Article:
Chapter 8 highlights populist governments that draw their rise of power from high-fertility groups within their nations by using Turkey, Russia, Israel, and India as examples. Jenkins concludes his argument in chapter 9, engaging the question of how the world’s religions can cope with such unprecedented changes in demographics. As the world continues to shift toward low-fertility societies, the role of religion and its features will change too.
Jenkins provides an important demographic analysis in historical perspective that uniquely contributes to multiple disciplines and is highly relevant for today’s shifting sociopolitical and religious landscapes worldwide. Of course, to extrapolate meaning from general trends and broad projections, certain essentialist claims can occur. Assumptions regarding secularization and economic advancement can become problematic at the local level, especially when religious belief is differentiated from institutional belonging. Further, part 1 accentuates the economic advancement and freedom-oriented aspirations of modern societies with falling TFRs as being in a religious crisis, whereas part 2 accentuates the economic turmoil and lack of Western-defined freedoms for women in high-fertility, high-religious societies. Although this was likely unintentional, readers could perceive this broad-stroke structure as having certain Western posthumanistic ideals latent within the argument’s design.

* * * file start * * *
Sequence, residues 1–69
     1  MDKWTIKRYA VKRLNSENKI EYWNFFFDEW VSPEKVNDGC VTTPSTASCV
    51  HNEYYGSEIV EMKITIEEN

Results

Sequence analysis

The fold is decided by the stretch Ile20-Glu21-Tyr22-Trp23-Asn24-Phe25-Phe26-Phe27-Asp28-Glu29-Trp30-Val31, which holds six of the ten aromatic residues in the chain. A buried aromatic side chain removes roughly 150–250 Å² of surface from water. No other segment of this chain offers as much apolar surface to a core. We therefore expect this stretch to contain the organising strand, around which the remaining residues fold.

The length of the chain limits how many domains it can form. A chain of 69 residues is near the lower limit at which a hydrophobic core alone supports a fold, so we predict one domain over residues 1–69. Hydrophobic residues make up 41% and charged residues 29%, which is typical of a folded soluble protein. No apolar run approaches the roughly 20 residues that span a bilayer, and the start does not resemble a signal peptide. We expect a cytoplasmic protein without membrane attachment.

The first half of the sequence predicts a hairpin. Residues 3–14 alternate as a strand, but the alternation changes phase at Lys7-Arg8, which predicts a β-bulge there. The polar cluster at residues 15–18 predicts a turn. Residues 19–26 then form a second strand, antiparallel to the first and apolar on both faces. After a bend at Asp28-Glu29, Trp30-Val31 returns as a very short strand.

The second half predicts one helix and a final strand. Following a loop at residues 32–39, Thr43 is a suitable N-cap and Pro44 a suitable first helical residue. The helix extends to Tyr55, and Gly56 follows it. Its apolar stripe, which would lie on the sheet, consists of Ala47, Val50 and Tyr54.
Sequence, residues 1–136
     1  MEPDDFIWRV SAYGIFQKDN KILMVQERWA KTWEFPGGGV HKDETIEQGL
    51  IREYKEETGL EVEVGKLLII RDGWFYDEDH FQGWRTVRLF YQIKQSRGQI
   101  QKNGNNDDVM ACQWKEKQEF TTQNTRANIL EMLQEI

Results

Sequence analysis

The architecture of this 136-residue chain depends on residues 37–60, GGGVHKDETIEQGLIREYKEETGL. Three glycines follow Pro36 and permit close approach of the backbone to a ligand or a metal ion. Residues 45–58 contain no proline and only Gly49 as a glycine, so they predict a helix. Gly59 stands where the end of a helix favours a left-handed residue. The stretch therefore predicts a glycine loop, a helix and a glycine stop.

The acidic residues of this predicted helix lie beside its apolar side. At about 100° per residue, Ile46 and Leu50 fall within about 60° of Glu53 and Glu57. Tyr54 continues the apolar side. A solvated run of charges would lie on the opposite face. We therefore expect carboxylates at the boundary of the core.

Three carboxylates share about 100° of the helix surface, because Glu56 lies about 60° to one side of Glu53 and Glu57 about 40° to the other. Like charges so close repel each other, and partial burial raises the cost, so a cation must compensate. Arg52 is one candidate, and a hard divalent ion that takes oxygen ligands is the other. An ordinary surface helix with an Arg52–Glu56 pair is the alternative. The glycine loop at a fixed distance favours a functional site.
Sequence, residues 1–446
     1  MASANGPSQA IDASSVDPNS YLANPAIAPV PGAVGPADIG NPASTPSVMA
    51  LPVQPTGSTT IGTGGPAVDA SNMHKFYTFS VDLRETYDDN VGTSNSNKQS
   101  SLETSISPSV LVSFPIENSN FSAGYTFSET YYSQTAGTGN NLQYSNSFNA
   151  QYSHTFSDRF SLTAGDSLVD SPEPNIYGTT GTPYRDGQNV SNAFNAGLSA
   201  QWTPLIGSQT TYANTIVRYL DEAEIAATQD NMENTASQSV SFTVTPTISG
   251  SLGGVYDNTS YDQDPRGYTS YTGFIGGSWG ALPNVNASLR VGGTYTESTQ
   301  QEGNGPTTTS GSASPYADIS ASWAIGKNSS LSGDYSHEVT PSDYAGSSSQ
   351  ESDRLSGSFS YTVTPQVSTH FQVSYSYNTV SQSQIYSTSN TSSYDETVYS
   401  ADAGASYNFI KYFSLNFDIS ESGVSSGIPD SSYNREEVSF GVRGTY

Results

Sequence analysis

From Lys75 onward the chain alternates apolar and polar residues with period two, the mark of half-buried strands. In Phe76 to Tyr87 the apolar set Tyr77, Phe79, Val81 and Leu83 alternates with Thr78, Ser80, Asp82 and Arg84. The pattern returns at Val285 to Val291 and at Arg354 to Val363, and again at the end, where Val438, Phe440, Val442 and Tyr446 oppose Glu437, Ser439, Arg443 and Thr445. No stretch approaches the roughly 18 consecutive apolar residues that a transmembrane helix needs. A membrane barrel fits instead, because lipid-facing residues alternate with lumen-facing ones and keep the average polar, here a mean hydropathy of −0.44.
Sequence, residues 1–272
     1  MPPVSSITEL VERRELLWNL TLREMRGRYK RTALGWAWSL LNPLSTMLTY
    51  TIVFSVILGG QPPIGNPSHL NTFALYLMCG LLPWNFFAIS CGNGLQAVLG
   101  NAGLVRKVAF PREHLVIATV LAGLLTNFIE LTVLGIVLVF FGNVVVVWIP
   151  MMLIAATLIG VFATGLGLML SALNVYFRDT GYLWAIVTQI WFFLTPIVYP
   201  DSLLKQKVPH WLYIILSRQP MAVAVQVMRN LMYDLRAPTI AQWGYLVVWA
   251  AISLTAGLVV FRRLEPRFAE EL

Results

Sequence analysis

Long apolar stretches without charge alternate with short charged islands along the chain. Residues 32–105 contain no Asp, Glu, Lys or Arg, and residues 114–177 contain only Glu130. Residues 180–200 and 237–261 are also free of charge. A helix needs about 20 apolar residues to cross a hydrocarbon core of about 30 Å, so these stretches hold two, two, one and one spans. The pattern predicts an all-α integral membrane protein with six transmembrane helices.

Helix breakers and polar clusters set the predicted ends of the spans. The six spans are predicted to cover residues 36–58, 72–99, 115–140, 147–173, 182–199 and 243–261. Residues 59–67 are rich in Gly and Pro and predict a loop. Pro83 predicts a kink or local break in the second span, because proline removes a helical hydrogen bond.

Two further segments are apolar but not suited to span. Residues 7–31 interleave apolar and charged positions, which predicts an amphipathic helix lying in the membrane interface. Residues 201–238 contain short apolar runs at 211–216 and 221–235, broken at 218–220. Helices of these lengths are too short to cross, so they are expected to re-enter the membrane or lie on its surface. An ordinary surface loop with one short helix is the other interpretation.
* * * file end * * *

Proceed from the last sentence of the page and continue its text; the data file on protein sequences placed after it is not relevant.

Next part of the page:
Jenkins makes a clear argument and supports it well with impressive demographic breadth and fascinating historical depth. His contribution is highly relevant and could be crucial to a multidisciplinary hermeneutic for approaching fluctuations in fertility rates—such that policy makers, theologians, students, and scholars of world religion might engage critically with TFR trends and projections worldwide.
Lisa Joy Fowler is a PhD student at Asbury Theological Seminary.Lisa Joy FowlerDate Of Review:January 29, 2022